The 7 Days Challenge: Not 'Eat, Pray, Love' but 'Eat, Move, Live'
Try to live smarter for a week by thinking more conciously, acting, travelling and shopping more sustainably
Want to eat healthier? Or move around town in a more sustainable manner? Or just lead your daily life in a smarter way? You need to try the '7 Days Challenge'.
The Swedish Embassy in association with an educational institute has organised the Challenge targeting youth from classes 9 to 12 in schools and graduate and post-graduate students in colleges across the national capital.
The Challenge is basically a call to action for the participants to practise sustainable lifestyles and consists of seven days of practical sustainable solutions focusing on three categories: Eat, move and live.
"The 7 Days Challenge is an attempt really for a short period of time trying to encourage people to think, eat, live, move smartly and sustainably and doing so in a short period of time and in encouraging best practices and also creativity around sub-solutions," Swedish Ambassador Klas Molin said while explaining the concept.
"Coming up with new ideas, not just emulating, copying which is being done, but thinking creatively," he said, adding that in the first round, young people who are using modern technologies and thinking in new ways and whose future will be more impacted by today's choices, have been targeted.
India is the third country, after Kenya and Indonesia, where the 7 Days Challenge is being organised.
But why seven days?
"Calling it the 7 Days Challenge, I think, partly is psychological, that it is a manageable period of time," Molin said.
"Surely we can all devote a week to living smarter, thinking more consciously and acting, travelling and shopping more sustainably. It is a reasonable, manageable amount of time."
According to the website of the Challenge, its objectives are: To emphasise the role of individual action for sustainable development; to spread awareness about the need for adopting practical sustainable solutions and lifestyles at the individual level; to build individual capacity and motivate individuals to improvise and innovate their choices and lifestyle towards more sustainable ones. Explaining the concept of eat, move and live, Ambassador Molin referred to a kitchen garden within the Swedish Embassy compound in terms of "eat".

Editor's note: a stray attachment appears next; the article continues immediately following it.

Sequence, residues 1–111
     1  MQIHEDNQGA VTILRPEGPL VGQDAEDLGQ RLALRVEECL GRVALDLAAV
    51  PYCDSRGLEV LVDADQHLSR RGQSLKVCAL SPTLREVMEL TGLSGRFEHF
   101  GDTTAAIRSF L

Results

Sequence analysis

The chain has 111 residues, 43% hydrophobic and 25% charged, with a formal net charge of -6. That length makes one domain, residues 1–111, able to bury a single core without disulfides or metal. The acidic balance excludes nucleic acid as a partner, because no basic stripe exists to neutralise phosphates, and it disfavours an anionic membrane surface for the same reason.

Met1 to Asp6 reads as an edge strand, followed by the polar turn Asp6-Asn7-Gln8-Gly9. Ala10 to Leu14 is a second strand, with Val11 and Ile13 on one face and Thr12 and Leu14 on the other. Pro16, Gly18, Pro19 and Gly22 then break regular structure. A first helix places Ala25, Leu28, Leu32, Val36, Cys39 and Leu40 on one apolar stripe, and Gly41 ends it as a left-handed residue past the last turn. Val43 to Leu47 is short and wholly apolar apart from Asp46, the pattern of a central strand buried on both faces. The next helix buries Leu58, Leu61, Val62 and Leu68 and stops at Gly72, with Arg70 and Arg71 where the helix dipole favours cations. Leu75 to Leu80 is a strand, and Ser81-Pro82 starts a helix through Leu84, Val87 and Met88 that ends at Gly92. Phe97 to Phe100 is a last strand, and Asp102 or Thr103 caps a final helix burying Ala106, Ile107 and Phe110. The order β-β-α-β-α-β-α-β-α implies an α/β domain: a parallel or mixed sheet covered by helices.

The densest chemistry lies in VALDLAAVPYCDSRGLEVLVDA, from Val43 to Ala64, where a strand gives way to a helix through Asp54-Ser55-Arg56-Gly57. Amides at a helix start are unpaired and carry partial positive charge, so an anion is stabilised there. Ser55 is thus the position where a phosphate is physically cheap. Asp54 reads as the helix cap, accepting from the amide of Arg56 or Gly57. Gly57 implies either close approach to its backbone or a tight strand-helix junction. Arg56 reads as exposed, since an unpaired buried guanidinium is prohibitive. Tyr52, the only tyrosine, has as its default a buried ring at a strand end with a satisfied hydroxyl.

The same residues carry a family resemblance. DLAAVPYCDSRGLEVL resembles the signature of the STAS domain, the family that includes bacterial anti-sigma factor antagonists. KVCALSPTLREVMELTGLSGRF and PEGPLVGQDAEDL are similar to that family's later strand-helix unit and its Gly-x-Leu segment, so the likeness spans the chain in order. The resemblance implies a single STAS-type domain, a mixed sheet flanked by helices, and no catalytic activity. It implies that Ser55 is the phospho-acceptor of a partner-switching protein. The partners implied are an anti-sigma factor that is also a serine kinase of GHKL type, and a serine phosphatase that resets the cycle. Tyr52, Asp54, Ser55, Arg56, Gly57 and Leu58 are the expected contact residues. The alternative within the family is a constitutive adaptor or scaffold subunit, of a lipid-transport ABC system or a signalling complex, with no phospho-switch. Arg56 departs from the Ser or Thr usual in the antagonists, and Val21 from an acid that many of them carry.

"Many people believe in growing their own vegetables right next door. It is not only nice to look at, it is very practical, it is healthy," he said.
In terms of "move", he gave his own example and said that back home in Sweden he bicycled to school and then to work in professional life almost every day. "Since I was in middle school or junior high school, I biked to school and back. I biked to work." Molin asserted that biking is "certainly the fastest and most convenient way" of getting about a modern city.
Here in the Swedish Embassy, he said, staff members and colleagues are encouraged to car pool more, including with his own official car.
In terms of "live", Molin again gave the example of the Embassy and said the building was fitted with solar panels. He also said that a system has been developed within the Embassy complex – which only uses LED lights – to create composts by pooling in all organic waste.
"We have pipes under the park, under the paved area and also in the back and all the rainwater or most of the rainwater is collected underground," Molin said.
The Ambassador also pointed out that Sweden has managed to have continuous GDP growth while at the same time cutting down on CO2 emissions."So, growth is not contingent on old technologies and you know pumping out pollution. You can achieve growth in a smart way," he asserted.